Well, I have a few blog posts coming through the pipeline. First thing is I got the sensor on my camera cleaned. So for a little while the photos will have fewer spots. I’ve been working on the upper case of the cupboard and fitted the door the other day. Today I took it back apart and began the process of figuring out the moldings that mount on it. for review, here’s the original’s door.
There’s three frames that create quite a dynamic effect – the outermost one is simple, a 1 1/4” wide oak molding mounted on the door frame. I used a rabbet plane and a hollow to form it. I got the technique and the plane from Matt Bickford, the molding wiz. My main decorative bag is carving. I can make moldings but it’s not something I do frequently. So each time, I have to review what Matt’s book does. https://lostartpress.com/products/mouldings-in-practice
For the middle frame I decided to take my own advice and practice first. In pine. Aside from the shape of this molding, it has another feature that I had never done before. It’s hard to see in the black & white photo above, but this molding covers (& hides) the drop between the door frame and the panel. I learned to call this sort of molding a “bolection” molding. It doesn’t refer to the profile, but to the manner of mounting it.
Many years ago, Jennie Alexander used to keep a copy of Cyril Harris’ Illustrated Dictionary of Historic Architecture in her bathroom. Sent me a copy so I could do the same. I did for a while, but nowadays it’s in the shop bookcase. There, I looked up the definition of “bolection”:
“Bolections, balection, belection, bellexion, bilection, bolexion – A molding projecting beyond the surface of the work which it decorates, as that covering the joint between a panel and the surrounding stiles and rails; often used to conceal a joint where the joining surfaces are at different levels.”
And Harris’ illustration:
That’s clearly what’s happening on the Essex County cupboard door. I went to the Massachusetts Historical Society last week to take some more measurements and notes – and shot another view of the door showing just a snippet of the three frames on the door. That escutcheon is a replacement. At the bottom corner, behind the outer black frame you can just see a peg securing the mortise & tenon joint and the junction of the stile & bottom rail. And the next 2″ wide molding sits on the frame at its outer edge and on the panel at its inner edge.
Here’s a not-so-detailed view of my progress late yesterday. it took doing it to make my head wrap around how the miters and the back rabbet co-exist. Turns out it’s dead simple.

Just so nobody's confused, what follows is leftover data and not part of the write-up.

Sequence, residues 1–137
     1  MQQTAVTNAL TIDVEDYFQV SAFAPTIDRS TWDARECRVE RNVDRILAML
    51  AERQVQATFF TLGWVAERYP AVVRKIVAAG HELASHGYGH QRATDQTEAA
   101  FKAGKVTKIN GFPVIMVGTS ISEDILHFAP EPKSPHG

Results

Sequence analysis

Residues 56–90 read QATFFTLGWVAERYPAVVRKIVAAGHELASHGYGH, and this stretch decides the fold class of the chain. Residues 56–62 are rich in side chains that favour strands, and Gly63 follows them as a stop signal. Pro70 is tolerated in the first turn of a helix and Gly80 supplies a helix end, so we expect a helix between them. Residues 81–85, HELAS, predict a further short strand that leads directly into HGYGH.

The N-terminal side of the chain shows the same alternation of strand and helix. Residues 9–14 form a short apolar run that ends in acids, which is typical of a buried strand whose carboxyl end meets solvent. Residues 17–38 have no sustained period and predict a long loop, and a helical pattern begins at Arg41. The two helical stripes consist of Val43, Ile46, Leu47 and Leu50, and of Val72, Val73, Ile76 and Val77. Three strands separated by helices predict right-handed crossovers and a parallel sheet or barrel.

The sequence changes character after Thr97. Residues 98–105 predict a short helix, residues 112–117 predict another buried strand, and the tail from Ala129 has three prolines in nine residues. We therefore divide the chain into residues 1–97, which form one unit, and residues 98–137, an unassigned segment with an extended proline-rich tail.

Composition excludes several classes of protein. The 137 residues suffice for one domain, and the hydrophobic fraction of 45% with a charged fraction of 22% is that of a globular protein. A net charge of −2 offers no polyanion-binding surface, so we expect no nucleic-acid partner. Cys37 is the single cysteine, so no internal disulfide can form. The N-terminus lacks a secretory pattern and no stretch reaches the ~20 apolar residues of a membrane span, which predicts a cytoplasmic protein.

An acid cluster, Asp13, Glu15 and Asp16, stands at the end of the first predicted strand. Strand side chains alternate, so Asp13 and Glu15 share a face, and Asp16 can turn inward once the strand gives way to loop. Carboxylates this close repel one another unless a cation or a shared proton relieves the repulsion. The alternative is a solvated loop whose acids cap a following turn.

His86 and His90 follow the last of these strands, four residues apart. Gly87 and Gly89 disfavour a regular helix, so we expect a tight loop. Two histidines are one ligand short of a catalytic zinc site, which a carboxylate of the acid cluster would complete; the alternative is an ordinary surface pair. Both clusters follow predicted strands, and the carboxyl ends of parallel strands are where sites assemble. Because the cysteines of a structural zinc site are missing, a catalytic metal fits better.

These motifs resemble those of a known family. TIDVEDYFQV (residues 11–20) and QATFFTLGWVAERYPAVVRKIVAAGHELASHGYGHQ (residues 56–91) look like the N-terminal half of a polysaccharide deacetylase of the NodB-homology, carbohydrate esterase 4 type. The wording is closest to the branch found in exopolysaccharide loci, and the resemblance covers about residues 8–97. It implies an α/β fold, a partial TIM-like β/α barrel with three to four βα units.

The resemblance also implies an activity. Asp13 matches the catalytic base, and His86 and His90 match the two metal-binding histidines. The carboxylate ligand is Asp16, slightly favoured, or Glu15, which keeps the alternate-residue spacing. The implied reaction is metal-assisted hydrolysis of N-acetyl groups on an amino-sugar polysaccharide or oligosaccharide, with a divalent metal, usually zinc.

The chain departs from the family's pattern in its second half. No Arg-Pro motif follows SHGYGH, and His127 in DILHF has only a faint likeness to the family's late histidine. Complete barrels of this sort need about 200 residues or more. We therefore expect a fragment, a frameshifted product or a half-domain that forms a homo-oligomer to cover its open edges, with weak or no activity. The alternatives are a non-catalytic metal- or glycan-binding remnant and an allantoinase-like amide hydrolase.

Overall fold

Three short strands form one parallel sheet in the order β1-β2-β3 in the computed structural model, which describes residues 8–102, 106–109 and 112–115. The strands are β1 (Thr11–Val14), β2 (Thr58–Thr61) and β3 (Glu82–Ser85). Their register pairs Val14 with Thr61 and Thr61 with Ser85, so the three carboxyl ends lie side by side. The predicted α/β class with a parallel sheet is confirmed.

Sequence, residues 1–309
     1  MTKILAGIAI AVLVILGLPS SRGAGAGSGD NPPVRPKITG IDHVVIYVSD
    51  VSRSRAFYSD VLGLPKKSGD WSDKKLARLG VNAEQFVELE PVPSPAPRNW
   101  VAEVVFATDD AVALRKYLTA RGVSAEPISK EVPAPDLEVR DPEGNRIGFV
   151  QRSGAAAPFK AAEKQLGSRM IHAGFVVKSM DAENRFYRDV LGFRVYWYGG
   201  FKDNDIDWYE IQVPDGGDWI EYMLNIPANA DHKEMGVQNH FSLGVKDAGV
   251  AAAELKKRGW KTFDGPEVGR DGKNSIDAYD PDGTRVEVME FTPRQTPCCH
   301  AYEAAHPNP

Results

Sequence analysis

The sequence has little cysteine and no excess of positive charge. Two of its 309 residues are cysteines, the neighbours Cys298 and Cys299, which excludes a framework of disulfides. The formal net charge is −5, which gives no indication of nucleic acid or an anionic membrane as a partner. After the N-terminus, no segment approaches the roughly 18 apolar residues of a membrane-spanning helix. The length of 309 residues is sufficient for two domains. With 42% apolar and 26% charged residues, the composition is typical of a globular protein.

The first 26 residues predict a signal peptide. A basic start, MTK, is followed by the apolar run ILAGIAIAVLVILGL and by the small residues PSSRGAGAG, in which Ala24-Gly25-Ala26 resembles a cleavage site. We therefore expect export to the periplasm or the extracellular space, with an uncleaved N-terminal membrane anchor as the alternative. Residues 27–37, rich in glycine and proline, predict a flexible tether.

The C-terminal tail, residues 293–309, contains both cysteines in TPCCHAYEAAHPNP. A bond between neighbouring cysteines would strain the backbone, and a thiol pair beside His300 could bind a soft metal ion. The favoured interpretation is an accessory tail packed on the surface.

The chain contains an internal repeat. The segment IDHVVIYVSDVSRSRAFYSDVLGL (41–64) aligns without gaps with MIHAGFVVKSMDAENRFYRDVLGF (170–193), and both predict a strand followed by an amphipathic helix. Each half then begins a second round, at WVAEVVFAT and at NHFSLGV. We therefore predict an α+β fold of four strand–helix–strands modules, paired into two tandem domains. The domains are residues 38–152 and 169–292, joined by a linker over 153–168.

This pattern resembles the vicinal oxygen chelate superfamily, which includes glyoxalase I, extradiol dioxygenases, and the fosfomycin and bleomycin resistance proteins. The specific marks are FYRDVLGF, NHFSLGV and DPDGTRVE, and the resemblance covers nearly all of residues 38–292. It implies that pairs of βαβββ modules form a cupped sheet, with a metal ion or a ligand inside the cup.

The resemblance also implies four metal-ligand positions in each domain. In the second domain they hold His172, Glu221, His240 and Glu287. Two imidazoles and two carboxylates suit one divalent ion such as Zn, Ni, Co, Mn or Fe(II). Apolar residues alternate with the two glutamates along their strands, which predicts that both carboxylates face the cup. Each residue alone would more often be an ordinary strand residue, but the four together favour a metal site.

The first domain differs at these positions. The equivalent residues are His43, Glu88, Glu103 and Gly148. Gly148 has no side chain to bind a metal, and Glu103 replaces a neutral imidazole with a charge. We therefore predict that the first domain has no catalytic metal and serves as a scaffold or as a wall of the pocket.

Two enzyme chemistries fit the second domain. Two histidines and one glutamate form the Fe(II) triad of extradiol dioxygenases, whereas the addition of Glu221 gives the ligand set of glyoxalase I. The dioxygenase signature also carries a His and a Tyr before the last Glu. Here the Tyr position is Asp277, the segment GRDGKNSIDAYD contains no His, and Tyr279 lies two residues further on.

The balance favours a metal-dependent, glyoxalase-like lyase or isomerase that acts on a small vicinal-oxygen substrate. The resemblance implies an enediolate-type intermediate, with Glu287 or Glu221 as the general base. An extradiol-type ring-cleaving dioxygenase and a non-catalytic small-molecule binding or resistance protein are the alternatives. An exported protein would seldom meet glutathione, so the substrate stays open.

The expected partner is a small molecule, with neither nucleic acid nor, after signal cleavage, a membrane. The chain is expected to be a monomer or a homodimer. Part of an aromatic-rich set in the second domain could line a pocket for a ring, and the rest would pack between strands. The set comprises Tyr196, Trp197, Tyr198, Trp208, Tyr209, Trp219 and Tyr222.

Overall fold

But somewhere there are bolection planes – even in the 17th century. Randle Holme’s Academy of Armory (1688) notes:
“The several sorts of plains.
The Strike Block, is a Plain shorter than the Joynter, having the Sole made exactly flat and streight, and is used for the shooting of a short Joint; because it is more ready by the hand than the long Joynter; It is also used for the fitting and framing of Miter and Bevil Joynts.
The Revaile Plain.
The Scurging Plain.
The Moulding Plains, are for the working off of several sorts of Moulding works, which Plains have names according to their several Operations; as
The Hallow Plain.
The Round, or Half Round Plain.
The Belection Plain.
The O-gee Plain.
The Back O-gee Plain. The Cornish Plain.
The Phalister Plain. [An undated note in the copy of Randle Holme in the Bodleian Library, Oxford, reads “Carpenters have a plane called a phalister or feliciter, a corruption of the Italian falcitello.”]”
Well, the only thing that makes a molding a bolection according to Harris is a rabbet on its back surface so it can slip from the panel to the frame. But what is a bolection plane then? Holme says nothing more about it. I don’t think it’s in Joseph Moxon’s book, I haven’t looked in a while. I don’t remember it there.
Colonial Williamsburg has some early 18th century planes they call bolection planes, referring in these cases to the shapes. Here’s one of theirs by Francis Nicholson
I looked in John Whalen’s book The Wooden Plane (Astragal Press, 1993) to see what he said about bolection planes. He’s got the same definition as Harris, but then segues into talking about profiles and their complexity. One thing he notes is a construction I’ve not seen – a rabbet to fit the panel, then the molding to pin it in place. But he doesn’t cite where/when this is used.
One last stop – Goodman’s British Planemaker’s 4th Edition edited by Jane Rees (Astragal Press, 2020) – but all that one cites is the Randle Holme quote. But I think somewhere, very early on, the profile became the marker for a “bolection” molding – possibly in addition to the mounting format. Otherwise how could you have a bolection plane?
But if you’ve made it this far, I have something for one of you. I just got Jane Rees’ new edition of Goodman’s book, which means I have the 3rd edition (1993) to send free to a good home. First one that wants it & leaves a comment gets it. Today I’m off to split a new log, then hopefully make some oak bolection moldings.
(pt 17 Essex County cupboard project 2021)